Incredibles 2 Review
Disney Pixar is a very different place to what it was when Brad Bird’s The Incredibles hit the screen back in 2004. The lengthy wait between releases hopefully a thing of the past, with at least one feature coming out a year, not to mention the huge advancements in animation they’ve made and paved way for. It seems apt that the first thing you see in Incredibles 2 is a lush red landscape sporting Metroville in the background and a satisfyingly stylised rendition of the Disney Castle and Luxo Lamp at centre stage. Immediately, they remind you just how far Pixar has come and how much you’ve missed these supers.
Picking up moments after the original, Incredibles 2 sees Helen (Holly Hunter) taking up the role of main breadwinner for the Parr family as she is hired by DevTech owner Winston Deavor (Bob Odenkirk)and his sister/company tech director Evelyn (Catherine Keener). This leaves Bob (Craig T. Nelson) to deal with their home life - including a math-struggling Dash (Huck Milner), an angst-filled Violet (Sarah Vowell), and an unpredictable, uncontrollable super-powered Jack-Jack (Eli Fucile), who causes the most and hardest laughs of the film. Meanwhile, Elastigirl, the new face for the legalisation of supers, heads out to make the world a safer place. A thankless job doesn’t when new super-villain Screenslaver (Bill Wise) rises.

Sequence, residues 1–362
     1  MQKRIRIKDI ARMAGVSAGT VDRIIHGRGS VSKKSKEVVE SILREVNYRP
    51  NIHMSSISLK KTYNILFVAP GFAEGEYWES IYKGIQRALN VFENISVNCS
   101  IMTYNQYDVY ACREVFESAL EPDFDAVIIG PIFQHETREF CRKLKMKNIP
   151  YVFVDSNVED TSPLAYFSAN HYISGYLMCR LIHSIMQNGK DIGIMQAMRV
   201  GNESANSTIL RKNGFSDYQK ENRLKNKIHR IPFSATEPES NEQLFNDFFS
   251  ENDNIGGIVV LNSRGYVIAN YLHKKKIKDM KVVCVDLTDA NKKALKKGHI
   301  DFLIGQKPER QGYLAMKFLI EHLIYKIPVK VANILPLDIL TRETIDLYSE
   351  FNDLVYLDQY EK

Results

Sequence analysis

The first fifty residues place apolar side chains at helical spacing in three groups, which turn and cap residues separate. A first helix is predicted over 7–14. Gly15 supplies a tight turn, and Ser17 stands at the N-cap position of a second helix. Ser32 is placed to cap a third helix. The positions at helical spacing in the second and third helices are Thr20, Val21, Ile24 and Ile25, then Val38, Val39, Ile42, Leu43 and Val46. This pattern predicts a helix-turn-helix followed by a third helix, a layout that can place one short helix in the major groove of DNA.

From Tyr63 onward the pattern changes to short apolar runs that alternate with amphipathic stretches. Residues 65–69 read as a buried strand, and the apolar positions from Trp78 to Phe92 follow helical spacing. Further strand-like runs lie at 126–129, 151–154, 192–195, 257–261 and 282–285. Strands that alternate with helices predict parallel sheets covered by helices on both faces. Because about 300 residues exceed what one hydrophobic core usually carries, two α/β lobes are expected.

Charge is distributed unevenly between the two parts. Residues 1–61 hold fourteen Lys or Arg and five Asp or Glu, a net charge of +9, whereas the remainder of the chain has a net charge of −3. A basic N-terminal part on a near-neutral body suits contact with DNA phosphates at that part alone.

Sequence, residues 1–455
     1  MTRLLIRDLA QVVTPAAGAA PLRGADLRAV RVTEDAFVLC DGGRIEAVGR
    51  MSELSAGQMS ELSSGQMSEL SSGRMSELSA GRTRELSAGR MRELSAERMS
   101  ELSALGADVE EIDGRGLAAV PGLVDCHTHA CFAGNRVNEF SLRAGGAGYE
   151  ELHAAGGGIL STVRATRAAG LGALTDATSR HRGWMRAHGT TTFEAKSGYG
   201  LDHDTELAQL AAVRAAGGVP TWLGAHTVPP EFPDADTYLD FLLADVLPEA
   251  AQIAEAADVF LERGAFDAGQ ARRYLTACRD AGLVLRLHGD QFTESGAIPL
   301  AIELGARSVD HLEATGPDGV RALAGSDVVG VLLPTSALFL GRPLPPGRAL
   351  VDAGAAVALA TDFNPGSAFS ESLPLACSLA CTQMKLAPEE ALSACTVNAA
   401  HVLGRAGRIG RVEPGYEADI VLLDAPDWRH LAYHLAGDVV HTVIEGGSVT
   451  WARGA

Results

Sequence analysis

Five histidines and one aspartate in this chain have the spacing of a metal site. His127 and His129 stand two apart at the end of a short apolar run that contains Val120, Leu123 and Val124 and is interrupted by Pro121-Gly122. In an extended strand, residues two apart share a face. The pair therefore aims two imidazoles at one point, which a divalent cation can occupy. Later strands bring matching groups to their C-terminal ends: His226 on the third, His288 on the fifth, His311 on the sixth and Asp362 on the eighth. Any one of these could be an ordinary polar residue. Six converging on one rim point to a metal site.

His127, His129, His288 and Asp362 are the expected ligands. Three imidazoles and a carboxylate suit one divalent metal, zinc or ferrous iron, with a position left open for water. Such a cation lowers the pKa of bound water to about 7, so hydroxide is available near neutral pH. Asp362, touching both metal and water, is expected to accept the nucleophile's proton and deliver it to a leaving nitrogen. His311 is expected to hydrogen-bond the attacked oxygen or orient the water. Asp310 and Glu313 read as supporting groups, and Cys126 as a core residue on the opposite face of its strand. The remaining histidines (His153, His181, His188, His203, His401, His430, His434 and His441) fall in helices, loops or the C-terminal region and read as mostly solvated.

It is a welcome subversion of Helen and Bob’s roles seen in the original and used to great effect. Against a charged backdrop of prejudice against supers, Bird hits a bullseye in balancing aspects of the familial and the super. While Helen is being an out and out badass, shining in the loaded action sequences to rival Marvel, there is an equally stirring emotionality in the interactions between Bob and the kids. As much as it is a hilarious and exciting superhero animation, it is also a nuanced look at the struggles of being a good parent and being yourself in a society that tells you to stay hidden.
What certainly isn’t hidden in Incredibles 2, however, is the team’s care and attention for recreating and recapturing the iconic aesthetic of the original. The film takes everything that was great from the original (the retro-futuristic blend, the level of detail, juxtaposition of colours, etc.) and turns it up tenfold. It truly makes the most out of Pixar’s technological advancements; famously, animators struggled to translate Violet’s long hair to the screen during the animation-process for the original, but in its sequel, each strand is individually “oiled” and her locks are realistically messy. It’s the small things that make the big differences.
Bonus Features and Sneak Peeks
The disc extras include: The Coolest Guy in Show Business, Two SuperScene Breakdowns, Auntie Edna mini-movie, 10 Deleted Scenes with Introductions, Super Stuff, Heroes & Villains, Ralph Eggleston: Production Designer, Paths to Pixar: Everyday Heroes, SuperBaby, Commentary, Pixar Short: Bao, Making Bao, Outtakes & Stories, Character Theme Songs, Vintage Toy Commercial TV Spots, Toolkit Montage and Global Incredibles 2 Trailers.
Incredibles 2 is no more incredible than it in its digital and Blu-ray features. Special mention must be given to Strong Coffee, which is sure to quench the creative thirst of all animation fans, and Auntie Edna, a short filled to the brim with laughs.
Video and Audio
The richness of Incredibles 2 is perfectly translated to the small screen by the 1080p of Blu-ray. The action is full-blown and colours radiate off the screen, highlighting just how far their animation work has advanced in recent years. Similarly, its sound design is sufficiently shown-off, managing to capture every explosion and every brassy note of Michael Giacchino’s retro score.